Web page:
- Review Price: £777.00
Canon’s workgroup colour laser printers now carry the i-SENSYS brand which is, according to the company, designed to save time, minimise energy use and be space efficient. The LBP5360 isn’t the smallest colour laser printer we’ve seen, but it’s steeply raked front panel and well-designed controls make it quite good-looking. It falls into sleep mode when unattended, but can still wake almost instantly when it receives a print job.
Styled in light grey and cream, the printer is conventionally designed with a 250-sheet paper tray at the bottom. A fold-down, 100-sheet multipurpose tray is positioned above that, with an access panel for the four drum and toner cartridges above and, right at the top, a neat control panel. This incorporates a single-line, backlit LCD display, seven control buttons and seven assorted indicators.
Paper feeds from either paper source, or from an optional, second paper tray underneath the printer, to an output tray on top. In doing so, it passes a colour print mechanism which applies all four colours in a single pass, with no intermediate transfer belt. This means colour prints run at the same speed as black. Canon rates both at 21ppm.
Canon provides three different connections for the LBP5360 as standard: USB 2.0, parallel and Ethernet.
The printer arrives with all four toner and drum cartridges pre-installed, but you have to slide each one out of its slot to remove pull-out protective tapes and spacers before you can use it. This is very simple, as they’re all easy to get at, once you’ve pulled down the printer’s front cover.
Unusually, the software set up tries to install two sets of drivers: a PCL5e/6 driver and one for Canon’s proprietary printer language, UFR II. The review sample refused to recognise the USB connection when trying to install the PCL driver, though saw it without problem, when installing the UFR one. We tried several times and unplugged and switched the printer off and on, as the trouble-shooter suggested, but with no change. Our test results are therefore all from using the UFR II driver – Canon claims this is faster, anyway.
The software driver is well provisioned, and provides support for poster prints, multiple pages per sheet, watermarks and collation. Duplex printing is available as standard and the driver includes controls for printing booklets.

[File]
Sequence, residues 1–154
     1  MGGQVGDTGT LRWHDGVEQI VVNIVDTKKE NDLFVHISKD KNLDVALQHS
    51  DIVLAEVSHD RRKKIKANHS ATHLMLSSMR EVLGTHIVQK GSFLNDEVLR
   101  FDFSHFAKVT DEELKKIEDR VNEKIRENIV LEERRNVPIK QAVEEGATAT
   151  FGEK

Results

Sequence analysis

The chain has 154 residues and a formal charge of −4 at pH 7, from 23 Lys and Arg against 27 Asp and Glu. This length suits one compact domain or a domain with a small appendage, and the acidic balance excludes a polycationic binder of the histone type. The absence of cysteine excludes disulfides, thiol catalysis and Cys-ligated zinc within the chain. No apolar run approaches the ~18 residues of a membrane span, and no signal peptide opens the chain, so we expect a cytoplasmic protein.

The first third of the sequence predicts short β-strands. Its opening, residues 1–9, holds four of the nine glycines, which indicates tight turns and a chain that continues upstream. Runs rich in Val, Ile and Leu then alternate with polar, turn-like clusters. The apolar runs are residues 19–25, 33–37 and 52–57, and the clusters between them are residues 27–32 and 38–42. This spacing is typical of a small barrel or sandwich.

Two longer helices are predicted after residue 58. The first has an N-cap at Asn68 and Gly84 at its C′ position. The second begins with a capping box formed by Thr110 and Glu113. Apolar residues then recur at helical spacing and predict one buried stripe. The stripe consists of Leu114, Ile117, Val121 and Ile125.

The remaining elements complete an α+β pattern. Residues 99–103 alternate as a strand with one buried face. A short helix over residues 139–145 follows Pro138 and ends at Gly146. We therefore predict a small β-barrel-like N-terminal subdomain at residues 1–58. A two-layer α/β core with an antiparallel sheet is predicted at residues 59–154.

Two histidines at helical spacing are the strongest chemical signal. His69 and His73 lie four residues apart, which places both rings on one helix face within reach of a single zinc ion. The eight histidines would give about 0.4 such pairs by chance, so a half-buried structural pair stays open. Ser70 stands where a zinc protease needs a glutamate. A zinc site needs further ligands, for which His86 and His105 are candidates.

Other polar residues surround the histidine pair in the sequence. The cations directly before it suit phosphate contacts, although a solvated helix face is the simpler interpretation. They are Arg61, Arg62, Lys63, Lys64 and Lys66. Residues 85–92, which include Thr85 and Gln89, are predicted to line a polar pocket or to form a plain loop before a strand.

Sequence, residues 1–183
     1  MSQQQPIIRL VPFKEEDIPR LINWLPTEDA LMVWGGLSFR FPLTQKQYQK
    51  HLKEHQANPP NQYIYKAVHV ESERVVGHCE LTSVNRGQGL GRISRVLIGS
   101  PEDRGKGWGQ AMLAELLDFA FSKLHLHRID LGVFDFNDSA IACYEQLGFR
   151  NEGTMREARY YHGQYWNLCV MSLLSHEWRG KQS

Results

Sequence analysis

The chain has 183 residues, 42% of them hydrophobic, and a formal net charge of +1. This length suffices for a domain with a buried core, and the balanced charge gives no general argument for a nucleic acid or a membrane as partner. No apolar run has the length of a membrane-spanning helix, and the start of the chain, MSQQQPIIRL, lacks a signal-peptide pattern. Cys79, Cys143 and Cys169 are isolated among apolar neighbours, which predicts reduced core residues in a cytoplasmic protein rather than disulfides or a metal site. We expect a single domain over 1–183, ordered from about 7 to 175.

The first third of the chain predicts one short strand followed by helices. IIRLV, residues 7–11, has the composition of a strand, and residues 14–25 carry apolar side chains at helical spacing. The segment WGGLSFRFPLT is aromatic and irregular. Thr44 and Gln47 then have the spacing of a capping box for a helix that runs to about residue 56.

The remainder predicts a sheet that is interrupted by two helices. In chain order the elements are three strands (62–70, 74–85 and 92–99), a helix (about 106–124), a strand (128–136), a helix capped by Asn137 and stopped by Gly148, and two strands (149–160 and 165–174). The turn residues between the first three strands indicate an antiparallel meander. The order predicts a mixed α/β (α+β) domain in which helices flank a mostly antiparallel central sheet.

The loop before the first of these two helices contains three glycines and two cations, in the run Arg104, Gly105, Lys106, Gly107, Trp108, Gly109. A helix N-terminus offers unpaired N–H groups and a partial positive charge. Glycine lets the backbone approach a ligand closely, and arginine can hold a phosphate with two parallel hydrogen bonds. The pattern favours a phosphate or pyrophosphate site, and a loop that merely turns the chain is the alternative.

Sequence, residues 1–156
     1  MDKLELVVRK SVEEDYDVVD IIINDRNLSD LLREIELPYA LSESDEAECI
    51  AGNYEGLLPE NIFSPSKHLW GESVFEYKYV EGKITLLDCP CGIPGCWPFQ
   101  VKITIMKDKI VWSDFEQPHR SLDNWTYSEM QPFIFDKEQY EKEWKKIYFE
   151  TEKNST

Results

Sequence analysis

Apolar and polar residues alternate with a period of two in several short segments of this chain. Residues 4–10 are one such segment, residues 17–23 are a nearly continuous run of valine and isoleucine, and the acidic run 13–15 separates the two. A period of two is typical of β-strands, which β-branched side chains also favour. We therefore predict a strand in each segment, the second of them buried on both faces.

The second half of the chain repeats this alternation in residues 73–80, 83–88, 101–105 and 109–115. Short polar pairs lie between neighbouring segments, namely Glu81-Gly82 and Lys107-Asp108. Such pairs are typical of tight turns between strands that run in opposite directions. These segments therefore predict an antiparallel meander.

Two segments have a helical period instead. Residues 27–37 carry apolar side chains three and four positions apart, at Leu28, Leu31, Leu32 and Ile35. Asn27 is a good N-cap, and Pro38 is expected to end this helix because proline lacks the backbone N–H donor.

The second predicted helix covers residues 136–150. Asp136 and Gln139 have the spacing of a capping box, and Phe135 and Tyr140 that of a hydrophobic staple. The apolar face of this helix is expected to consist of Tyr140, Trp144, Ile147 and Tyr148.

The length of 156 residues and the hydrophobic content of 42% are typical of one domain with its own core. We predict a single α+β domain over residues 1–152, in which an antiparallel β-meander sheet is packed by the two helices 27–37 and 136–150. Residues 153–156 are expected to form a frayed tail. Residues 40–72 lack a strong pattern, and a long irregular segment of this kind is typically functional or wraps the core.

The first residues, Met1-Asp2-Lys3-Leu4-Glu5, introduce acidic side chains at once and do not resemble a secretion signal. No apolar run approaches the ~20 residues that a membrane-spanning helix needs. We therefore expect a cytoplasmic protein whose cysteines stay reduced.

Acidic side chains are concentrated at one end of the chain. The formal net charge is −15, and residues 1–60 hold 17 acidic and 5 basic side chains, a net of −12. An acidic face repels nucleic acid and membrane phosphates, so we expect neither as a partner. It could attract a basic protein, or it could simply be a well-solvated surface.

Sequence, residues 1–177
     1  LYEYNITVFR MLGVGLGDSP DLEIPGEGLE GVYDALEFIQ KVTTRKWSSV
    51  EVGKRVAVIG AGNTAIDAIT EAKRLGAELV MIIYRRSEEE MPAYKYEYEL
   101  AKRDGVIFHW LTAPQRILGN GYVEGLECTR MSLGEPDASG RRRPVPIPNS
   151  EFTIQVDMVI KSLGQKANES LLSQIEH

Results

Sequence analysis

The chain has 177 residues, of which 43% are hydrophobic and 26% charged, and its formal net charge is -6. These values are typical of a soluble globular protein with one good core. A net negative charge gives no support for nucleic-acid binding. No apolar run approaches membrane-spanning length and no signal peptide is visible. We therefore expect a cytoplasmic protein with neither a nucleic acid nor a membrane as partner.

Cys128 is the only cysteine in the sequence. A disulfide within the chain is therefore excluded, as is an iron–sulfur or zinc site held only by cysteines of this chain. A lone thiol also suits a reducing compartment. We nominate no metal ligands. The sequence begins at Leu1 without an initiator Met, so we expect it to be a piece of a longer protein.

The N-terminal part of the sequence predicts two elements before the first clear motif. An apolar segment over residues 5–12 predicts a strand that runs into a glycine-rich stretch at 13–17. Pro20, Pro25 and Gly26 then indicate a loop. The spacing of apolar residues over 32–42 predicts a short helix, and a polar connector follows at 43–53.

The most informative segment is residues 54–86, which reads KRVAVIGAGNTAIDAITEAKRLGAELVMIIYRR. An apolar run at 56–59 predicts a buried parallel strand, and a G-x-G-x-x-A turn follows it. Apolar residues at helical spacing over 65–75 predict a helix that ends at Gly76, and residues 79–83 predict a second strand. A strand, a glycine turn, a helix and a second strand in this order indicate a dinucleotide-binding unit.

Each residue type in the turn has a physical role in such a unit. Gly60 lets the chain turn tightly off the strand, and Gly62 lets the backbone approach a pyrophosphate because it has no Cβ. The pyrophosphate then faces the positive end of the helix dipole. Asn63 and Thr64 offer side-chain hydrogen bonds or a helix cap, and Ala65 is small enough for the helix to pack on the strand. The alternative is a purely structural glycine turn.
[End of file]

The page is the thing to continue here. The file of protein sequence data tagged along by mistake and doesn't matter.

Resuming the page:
One of the claims Canon makes for this machine is that the first page of a print job comes through in 10 seconds. From our tests this was closer to 15 seconds, but it still means there’s very little warm-up time involved. Our five-page black text print finished in 26 seconds, giving a page rate of 11.5ppm.
Interestingly, the five-page colour text and graphics tests completed in 21 seconds, giving 14.3ppm, quite a bit faster. Since the printer comes with a duplex function built-in, we also tested this with our 20-side duplex document, which took 1:17. This is over 15 sides per minute and getting quite close to the 21ppm Canon quotes. All in all, this is quite a quick a colour laser and the short time to first page out is a useful feature when printing many, short-run jobs.
The LBP5360 also prints high-quality pages. Black text is very sharp and clear with virtually no visible spatter and well-formed characters, down to small point sizes. Colour graphics print, while being a bit too light, is clean and smooth, with very little banding of any kind.
The photo print was remarkably well reproduced, with smooth gradations in the sky and natural-looking colours, compared with the oversaturated prints we often see from colour lasers. While the colour gamut of a laser is consistently smaller than from an inkjet, the colours produced by this machine are well up to general business use.
The LBP5360 uses four separate toner and drum cartridges, one for each of the primary colours. The black cartridge costs around £75, while each of the colour ones come out at about £95. Since each is designed to produce 6,000 pages at 5 per cent cover, this gives a black page print cost of 1.7p per page and a 20 per cent colour page cost of 6.46p. Both these print costs are good in comparison with their main rivals and are helped by the large capacity of the toner cartridges, which should also mean less frequent maintenance. Canon has a recycling program, with prepaid labels supplied in the replacement cartridge box.
Canon’s i-SENSYS LBP5360 ticks all the boxes in the evaluation of a colour laser printer for a small office or large workgroup. It’s cheap to run, easy to maintain, prints at good speed with a fast first page out and produces good quality text, graphics and photo prints. The asking price is a bit on the high side, but the convenience and quick printer response are probably worth this.
Score in detail
Print Speed 9
Print Quality 9
|Paper Size||A4, B5, A5, Legal, Letter, Executive, Statement, Foolscap, 16K Envelope, DL Envelope, Com10 Envelope, C5 Envelope, Monarch Envelope, B5 Envelope, Index Card|
|Sheet Capacity||350 sheets|
|Rated Black Speed (Images per minute)||21 ppmipm|
|Rated Colour Speed (Images per minute)||21 ppmipm|
Unlike other sites, we thoroughly test every product we review. We use industry standard tests in order to compare features properly. We’ll always tell you what we find. We never, ever accept money to review a product. Tell us what you think - send your emails to the Editor.